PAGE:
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Nov 19th, 2019

anwar essay Essay

Is it ethically justifiable for a dentist to refuse to treat a patient who demands a treatment for aesthetics reasons that is not in his/her best interests?

Dental professionals ‘s main duty is to promote patient’s welfare and provide health care based on patient’s needs and preference (Lantos et al., 2011). However, patient’s might demand treatment that their dentist thinks it is not in their best interests. In such cases, an ethical dilemma arises from the variations in the patient’s wishes, or conflicts with the dentist’s integrity.

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This could force the dentist to decide how his integrity places limits on the care he will provide. The context we focus on in this essay is potentially where there is a conflict between the dentist’s integrity and how his autonomy conflicts with the patient’s autonomy, taking into consideration patient’s beneficence and the dentist’s obligations of serving good.

For centuries, patient’s right to act, think and judge intentionally and independently without external constraints or coercion by others had been neglected by the power of the paternalistic approach (Kilbride et al.

, 2018). The paternalistic framework, which considered the duty of the physician to decide what was best for the patient while overriding or ignoring some of the patient’s vital interests, violates the patient’s autonomy (Pellegrino, 1994). The decades since the 1950s, have seen a remarkable reduction of the paternalistic approach in favour of respect for patient autonomy (Kilbride et all., 2018). Since then, the moral principle of autonomy has become the dominant principle in shaping the physicians-patients relationship.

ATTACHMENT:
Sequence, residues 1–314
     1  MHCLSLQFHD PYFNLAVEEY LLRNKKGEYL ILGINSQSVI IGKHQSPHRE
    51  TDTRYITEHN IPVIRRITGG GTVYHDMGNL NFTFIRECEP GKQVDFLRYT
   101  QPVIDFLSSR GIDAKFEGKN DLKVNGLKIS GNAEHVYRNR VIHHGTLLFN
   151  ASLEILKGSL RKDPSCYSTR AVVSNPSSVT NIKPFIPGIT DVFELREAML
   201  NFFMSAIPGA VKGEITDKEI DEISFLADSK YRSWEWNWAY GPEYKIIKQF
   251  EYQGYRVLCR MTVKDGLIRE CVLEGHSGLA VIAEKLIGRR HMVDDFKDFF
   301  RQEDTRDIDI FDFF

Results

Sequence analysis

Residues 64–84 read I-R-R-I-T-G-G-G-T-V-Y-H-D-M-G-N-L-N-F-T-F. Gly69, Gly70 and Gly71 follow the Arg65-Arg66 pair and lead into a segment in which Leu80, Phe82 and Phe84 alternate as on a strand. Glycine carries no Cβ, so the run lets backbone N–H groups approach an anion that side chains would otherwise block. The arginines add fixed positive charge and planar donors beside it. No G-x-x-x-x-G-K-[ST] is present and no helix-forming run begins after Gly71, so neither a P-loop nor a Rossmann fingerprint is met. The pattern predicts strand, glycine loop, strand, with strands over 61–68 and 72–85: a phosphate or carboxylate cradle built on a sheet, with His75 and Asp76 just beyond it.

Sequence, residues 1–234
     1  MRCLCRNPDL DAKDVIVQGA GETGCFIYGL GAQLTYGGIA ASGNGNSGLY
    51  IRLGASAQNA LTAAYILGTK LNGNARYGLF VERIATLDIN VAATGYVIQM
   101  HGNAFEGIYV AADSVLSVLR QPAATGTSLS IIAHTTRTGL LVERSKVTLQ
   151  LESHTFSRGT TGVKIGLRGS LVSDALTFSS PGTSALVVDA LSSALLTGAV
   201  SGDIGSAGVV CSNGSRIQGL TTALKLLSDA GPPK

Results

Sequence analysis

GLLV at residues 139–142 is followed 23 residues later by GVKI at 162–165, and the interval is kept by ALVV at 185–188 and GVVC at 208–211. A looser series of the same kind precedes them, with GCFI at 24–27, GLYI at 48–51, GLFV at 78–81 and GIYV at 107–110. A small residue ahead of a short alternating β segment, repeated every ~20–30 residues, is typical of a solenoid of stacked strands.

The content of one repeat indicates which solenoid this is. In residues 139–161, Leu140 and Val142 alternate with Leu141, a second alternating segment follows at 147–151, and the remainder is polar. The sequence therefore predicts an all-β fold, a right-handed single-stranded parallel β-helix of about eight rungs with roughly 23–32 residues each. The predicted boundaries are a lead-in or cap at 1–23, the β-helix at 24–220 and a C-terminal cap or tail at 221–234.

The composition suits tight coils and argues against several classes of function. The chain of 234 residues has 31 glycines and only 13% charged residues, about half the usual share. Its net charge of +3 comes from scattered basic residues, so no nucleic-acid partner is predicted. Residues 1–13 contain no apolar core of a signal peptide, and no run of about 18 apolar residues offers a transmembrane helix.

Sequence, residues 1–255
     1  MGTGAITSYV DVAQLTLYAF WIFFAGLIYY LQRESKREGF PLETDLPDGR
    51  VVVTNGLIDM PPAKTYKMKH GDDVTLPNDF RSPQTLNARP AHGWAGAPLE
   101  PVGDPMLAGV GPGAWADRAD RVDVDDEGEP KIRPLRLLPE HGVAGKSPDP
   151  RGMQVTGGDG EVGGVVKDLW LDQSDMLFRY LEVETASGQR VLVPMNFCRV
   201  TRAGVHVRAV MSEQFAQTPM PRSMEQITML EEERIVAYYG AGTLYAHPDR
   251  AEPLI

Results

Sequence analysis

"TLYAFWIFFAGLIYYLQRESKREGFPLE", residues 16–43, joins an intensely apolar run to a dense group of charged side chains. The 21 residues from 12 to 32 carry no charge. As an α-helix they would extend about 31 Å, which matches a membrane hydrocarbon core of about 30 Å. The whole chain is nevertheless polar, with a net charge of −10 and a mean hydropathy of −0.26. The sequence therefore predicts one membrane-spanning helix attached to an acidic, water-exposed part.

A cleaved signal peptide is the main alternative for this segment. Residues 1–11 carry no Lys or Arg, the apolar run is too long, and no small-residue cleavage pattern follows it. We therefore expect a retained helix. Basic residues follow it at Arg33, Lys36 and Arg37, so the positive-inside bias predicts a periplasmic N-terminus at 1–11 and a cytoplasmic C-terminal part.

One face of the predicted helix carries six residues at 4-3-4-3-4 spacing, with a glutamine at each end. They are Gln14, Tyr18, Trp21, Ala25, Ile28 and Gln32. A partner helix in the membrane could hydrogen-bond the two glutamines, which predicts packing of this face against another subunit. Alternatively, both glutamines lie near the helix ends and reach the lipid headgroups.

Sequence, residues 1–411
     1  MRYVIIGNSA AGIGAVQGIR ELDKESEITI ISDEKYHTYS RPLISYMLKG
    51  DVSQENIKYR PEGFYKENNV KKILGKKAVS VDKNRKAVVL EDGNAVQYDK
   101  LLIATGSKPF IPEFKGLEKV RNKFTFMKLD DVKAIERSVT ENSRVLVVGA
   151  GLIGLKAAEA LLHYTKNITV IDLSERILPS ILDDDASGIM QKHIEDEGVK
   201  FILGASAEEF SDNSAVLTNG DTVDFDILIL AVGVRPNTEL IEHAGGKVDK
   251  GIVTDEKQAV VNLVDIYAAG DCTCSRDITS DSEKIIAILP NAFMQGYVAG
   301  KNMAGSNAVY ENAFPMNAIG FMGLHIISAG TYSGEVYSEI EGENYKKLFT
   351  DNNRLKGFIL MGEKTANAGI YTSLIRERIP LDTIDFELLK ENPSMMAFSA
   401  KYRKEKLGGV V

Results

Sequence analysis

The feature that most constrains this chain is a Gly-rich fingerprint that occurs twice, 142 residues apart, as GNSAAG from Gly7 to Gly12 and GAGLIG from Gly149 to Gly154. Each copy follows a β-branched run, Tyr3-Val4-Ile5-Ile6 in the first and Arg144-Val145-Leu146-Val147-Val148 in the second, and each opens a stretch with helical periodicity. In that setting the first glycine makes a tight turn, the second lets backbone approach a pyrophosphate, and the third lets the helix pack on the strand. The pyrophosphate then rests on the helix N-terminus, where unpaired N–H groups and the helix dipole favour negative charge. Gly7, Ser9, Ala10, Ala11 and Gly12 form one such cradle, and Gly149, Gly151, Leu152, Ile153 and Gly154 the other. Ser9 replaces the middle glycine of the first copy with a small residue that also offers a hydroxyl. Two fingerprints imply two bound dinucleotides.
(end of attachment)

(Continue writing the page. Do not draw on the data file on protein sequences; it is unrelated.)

Patient’s have the right to demand aesthetics treatment which they believe is in their best interests even if the patient’s request is not the one that the dentist believes would promote the patient’s well-being (Kelleher et al., 2012). Patient’s preferences are heavily influenced by their own sets of values and agendas, which they believe is best for them (Tong and Robert, 2007). A patient’s preference of having an extraction of ten teeth for a denture construction rather than having multiple restorations for example, might be the best solution from the patient’s point of view. This signals some underlying reasons for their preferences that their physicians must take into considerations (Tong and Robert, 2007). Some patients have strong responsibility towards their family members, therefore they tend to sacrifice their own welfare for a financial reason (Tong and Robert, 2007). Others might want to end the anticipation of further dental problems for their remaining teeth (Rule and Veatch, 2004). The fear of having multiple dental treatments might be another reason as they had gone through bad dental experiences before (Tong and Robert, 2007).